Birifoh Belief System: Perspectives From Birifoh-Sila Yiri, Upper West Region, Ghana

Mahmoud Malik Saako, Samuel N. Nkumbaan, Christopher Boatbil Sormiteyema, Azerikatoa D. Ayoung


The study focuses on the Birifoh beliefs and worship systems in north-western Ghana. This study examined various uses of shrines and circumstances leading to their establishment in Birifoh-Sila Yiri and its environs. Data was collected through participant observation, interviews, focus groups and desktop research. An interpretative analytical approach was employed. The study found that gods or deities (shrines) in the traditional settings are represented by wooden, metal and ceramic figurines. Several shrines were found including ancestral shrines, wooden figurines, earth shrines, chameleon shrines, ceramics figurines, river shrines, xylophone shrine, landed shrine and kunkpenibie shrine. Their functions were to protect hunters and ensure the general welfare of families including childbirth and general prosperity. The belief of Birifoh is that, shrines represent relationships between the spiritual and physical worlds that form part of the Dagaaba and Lobi cosmology.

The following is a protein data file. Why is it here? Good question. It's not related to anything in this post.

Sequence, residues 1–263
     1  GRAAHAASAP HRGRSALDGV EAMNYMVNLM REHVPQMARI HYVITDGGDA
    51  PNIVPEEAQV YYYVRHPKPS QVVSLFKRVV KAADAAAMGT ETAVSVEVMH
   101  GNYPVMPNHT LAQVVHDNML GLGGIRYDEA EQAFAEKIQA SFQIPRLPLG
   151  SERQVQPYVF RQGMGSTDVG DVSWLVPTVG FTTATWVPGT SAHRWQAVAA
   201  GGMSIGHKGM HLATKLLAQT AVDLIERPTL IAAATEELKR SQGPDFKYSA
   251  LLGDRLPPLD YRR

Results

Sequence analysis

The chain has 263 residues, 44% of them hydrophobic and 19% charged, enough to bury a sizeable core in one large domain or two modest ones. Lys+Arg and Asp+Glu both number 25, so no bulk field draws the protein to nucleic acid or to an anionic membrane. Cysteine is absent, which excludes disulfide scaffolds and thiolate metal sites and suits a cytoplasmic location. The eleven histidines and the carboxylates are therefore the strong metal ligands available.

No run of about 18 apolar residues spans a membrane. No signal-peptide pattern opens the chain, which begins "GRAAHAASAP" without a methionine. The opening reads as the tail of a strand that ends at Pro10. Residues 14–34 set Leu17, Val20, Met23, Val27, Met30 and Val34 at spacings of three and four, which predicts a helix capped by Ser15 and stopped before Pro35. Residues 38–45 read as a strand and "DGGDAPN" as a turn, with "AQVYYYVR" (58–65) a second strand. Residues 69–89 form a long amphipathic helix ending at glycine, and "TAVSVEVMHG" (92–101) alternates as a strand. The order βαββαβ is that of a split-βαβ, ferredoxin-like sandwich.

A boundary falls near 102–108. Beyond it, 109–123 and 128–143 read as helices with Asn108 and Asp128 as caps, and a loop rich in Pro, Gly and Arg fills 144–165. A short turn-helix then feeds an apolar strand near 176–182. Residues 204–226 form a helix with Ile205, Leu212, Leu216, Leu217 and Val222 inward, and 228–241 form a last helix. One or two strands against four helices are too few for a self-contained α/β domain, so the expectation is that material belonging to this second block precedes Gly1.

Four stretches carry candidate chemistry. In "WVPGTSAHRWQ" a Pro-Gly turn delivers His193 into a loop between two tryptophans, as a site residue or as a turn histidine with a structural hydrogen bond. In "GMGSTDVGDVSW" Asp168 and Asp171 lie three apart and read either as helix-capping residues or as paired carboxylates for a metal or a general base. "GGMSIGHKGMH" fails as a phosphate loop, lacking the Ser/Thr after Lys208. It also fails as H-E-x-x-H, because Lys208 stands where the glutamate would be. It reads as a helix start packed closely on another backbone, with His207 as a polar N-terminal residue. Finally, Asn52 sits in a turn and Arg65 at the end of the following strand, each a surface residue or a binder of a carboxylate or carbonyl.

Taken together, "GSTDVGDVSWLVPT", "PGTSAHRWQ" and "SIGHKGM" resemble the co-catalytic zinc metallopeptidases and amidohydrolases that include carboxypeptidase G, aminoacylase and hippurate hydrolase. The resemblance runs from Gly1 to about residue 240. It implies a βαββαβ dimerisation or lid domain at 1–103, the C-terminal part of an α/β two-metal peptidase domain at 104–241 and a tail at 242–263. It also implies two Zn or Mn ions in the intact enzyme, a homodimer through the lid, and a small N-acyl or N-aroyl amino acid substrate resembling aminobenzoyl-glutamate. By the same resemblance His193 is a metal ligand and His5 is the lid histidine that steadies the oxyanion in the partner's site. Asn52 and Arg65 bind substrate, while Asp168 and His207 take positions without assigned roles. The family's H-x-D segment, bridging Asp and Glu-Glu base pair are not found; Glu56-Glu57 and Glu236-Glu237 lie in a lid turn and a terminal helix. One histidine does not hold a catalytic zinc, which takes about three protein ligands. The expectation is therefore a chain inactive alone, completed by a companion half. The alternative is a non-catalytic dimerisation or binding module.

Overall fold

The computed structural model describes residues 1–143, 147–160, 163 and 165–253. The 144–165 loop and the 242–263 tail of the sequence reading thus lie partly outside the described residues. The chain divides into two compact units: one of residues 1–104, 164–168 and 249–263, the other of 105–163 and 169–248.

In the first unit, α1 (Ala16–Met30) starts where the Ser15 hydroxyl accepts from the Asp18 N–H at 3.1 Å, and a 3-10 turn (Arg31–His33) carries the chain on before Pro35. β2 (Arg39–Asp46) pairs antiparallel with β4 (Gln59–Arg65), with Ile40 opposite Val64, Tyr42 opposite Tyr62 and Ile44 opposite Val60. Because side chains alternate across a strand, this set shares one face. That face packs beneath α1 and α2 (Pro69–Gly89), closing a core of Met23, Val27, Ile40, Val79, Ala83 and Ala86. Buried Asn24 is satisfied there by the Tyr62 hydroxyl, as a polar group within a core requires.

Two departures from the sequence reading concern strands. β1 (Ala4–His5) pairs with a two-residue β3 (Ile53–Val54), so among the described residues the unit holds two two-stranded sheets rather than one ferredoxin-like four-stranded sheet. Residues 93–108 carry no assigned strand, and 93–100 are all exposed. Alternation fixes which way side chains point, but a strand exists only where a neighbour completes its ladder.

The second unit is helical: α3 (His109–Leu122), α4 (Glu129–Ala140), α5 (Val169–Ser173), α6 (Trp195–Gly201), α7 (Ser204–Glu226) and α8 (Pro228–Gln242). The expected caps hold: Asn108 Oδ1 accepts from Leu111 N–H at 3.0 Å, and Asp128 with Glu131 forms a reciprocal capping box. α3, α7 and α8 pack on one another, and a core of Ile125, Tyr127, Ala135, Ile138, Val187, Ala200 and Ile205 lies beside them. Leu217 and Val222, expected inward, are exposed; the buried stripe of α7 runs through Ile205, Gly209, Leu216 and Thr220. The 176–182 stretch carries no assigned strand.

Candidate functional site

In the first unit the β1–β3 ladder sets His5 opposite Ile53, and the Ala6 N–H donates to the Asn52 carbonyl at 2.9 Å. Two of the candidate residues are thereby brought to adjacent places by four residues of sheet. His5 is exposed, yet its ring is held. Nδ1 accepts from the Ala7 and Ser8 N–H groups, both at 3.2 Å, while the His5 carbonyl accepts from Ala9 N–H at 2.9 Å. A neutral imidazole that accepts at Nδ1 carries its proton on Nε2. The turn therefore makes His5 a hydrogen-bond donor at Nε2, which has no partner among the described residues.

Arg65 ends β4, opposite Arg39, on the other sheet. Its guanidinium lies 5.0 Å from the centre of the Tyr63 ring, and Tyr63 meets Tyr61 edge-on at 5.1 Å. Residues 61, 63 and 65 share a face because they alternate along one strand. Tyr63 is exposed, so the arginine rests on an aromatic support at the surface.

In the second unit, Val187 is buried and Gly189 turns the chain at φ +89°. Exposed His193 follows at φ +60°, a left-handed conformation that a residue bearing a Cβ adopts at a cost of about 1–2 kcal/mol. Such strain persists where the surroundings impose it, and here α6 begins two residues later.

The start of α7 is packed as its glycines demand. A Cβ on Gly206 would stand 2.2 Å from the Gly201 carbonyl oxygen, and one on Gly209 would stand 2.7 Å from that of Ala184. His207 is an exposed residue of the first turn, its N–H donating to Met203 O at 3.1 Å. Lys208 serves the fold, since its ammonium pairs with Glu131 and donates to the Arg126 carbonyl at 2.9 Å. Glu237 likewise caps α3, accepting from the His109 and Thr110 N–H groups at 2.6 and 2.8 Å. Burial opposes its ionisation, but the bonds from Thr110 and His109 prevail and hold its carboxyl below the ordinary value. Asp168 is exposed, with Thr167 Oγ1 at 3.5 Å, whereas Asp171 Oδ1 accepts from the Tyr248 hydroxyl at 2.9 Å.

Keywords: Sila-Yiri, Birifoh, patriclan, figurine, earth shrine, ancestor, religion, diviner

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ISSN (Paper)2224-5766 ISSN (Online)2225-0484

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